I Don’t Like Surprises

It’s been a long day.

I’ve been working a lot, which is great, actually. I’ve made so much money in the past few weeks, compared to how much I used to make, that I feel like I’m swindling someone. But it’s not without its challenges, and today had a lot of them.

I got to work too late; I’ve been exhausted and kept hitting the snooze. Then I got to the store to see that I would have to go buy supplies after just one show, which wastes a lot of time, and ended up costing me over a hundred dollars (don’t worry, I get reimbursed, But still, seeing that number on the screen made me panic) and a lot of time due to a woman ahead of me in line who paid for each of her fifteen items separately.

Then I started my second show. The audience was not great: they wouldn’t answer my questions, and they just in general didn’t care. It was so bad that I almost stopped the show and told them to leave. Instead, I just got aggressive (or, aggressive for me.) I got very snarky and sarcastic, especially when they wouldn’t participate. “Who cooks here? No one? Wow, that’s unhelpful.” “What’s the worst thing to chop in the kitchen? Any ideas? No? Thanks, guys.” Et cetera. Sometimes this makes people laugh, sometimes it makes them look at me weird, but at least it gets their attention. But I noticed that one guy, in his twenties, was giving me a different kind of attention. When I would get super snarky, he’d laugh with everyone else, but in a sort of amazed, approving way. At one point, he leaned forward, snapped a picture of the box, and looked it up online, challenging me with the website price. It really annoyed me and I kind of snapped at him, throwing some sarcastic comments his way throughout the rest of the show to let him know that I didn’t want to hear anything more from him.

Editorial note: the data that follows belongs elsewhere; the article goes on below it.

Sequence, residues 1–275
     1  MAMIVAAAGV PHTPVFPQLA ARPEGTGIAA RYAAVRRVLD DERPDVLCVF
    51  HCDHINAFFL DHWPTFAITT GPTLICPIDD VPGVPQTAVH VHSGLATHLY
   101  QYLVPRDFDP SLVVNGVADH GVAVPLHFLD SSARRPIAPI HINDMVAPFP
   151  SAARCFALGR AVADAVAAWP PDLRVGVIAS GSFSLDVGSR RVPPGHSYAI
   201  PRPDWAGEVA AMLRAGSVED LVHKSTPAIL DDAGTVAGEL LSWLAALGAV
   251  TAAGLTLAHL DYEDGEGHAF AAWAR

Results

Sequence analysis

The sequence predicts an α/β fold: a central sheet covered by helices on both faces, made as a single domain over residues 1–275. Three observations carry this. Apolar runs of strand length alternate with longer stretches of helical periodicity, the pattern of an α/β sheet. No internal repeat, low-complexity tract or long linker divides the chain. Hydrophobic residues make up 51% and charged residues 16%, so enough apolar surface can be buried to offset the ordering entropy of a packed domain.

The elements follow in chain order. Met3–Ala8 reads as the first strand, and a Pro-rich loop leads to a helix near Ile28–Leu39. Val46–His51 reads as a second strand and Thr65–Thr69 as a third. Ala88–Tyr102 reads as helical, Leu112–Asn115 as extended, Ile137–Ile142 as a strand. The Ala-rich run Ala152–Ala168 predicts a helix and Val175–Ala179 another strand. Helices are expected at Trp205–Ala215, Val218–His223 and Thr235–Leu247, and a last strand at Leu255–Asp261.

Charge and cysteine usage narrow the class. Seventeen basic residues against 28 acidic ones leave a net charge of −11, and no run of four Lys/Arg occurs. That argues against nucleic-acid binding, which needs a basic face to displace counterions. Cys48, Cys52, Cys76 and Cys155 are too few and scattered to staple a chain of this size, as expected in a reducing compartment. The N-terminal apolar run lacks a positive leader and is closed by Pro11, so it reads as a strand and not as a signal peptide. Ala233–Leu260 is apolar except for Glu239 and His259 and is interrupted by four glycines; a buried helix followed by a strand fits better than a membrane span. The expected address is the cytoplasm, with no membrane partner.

At the end of the show, I helped a lady with her purchase and the guy came over and asked if I could show him how to do a carrot on the shredder. I said of course, grabbed a carrot, and started to shred it. “You might want to use the safety handle,” he said. “I know,” I replied. He asked if I could show him on the machine, and as I grabbed for the clean one, he remarked, “You shouldn’t use the commercial one.” This made me stop. He held his hand out. “Hi, I’m Peter. I’m the New York manager.” “Yeah,” I sighed. “I figured.”

I usually would have panicked more, but for some reason I didn’t. Maybe because I knew it was a bad show; if I had thought it was good and he said it wasn’t, that would have upset me more. So as he gave me notes, I nodded, tried hard not to make excuses. He was really constructive about it, so I didn’t feel reprimanded and everything was fine. The only thing I was worried about was his opinion on how I treated the audience (and, uh, him.) Thankfully, he said he really loved it. “I like a new agent who isn’t afraid to call people on their shit.”

He did a show for me and then asked me to practice part of my show for him. That was when I started to get frustrated, because when I don’t get something right the first time around, I feel like I have failed. I got to the point of tears, which was terrible and embarrassing and just all-around awful. He was nice about it, but that just made it worse. Eventually, though, I got past it, did more shows, got more notes, and then he left me to my work.

It’s weird because while my experience with Peter wasn’t bad, merely jolting, it made me feel awful for the rest of the day. When I got home, I exercised out my frustration (Insanity!), but then just laid on the couch feeling bad about myself. I recently recovered, due to my roommates asking me to help them in a pinch, but I’m still not feeling great.

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